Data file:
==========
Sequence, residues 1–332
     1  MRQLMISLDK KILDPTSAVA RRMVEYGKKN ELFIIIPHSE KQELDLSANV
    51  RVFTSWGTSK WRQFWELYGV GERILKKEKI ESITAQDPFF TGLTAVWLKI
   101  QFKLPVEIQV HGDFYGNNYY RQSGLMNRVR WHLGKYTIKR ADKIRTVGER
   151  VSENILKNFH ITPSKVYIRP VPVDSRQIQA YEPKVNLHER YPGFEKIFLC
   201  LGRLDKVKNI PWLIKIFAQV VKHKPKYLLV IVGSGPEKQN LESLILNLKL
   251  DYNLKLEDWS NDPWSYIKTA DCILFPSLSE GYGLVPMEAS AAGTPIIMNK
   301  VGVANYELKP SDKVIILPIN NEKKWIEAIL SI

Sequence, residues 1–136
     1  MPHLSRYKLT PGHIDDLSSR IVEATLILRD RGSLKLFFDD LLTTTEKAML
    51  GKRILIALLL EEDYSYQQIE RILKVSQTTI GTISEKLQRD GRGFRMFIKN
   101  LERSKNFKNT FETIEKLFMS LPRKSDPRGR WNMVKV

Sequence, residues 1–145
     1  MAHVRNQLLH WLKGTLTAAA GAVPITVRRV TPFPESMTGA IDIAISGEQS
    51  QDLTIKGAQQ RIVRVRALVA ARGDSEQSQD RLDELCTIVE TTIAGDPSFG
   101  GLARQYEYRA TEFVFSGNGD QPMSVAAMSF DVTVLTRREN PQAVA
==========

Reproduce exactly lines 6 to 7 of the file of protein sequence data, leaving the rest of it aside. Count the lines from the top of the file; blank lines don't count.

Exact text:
   201  LGRLDKVKNI PWLIKIFAQV VKHKPKYLLV IVGSGPEKQN LESLILNLKL
   251  DYNLKLEDWS NDPWSYIKTA DCILFPSLSE GYGLVPMEAS AAGTPIIMNK